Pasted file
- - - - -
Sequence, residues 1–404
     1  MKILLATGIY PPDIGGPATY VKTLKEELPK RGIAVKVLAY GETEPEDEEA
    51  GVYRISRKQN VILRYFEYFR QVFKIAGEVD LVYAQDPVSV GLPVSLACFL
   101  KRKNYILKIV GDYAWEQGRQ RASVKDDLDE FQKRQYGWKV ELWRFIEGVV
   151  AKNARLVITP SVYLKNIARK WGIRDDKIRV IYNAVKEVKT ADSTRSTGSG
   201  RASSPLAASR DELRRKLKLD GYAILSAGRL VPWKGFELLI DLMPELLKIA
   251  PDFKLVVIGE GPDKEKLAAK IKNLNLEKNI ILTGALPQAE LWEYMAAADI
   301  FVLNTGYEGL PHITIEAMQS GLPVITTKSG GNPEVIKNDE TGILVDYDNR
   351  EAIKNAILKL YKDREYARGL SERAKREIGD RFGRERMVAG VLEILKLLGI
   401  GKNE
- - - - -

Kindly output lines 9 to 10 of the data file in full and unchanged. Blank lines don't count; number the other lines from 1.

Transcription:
   351  EAIKNAILKL YKDREYARGL SERAKREIGD RFGRERMVAG VLEILKLLGI
   401  GKNE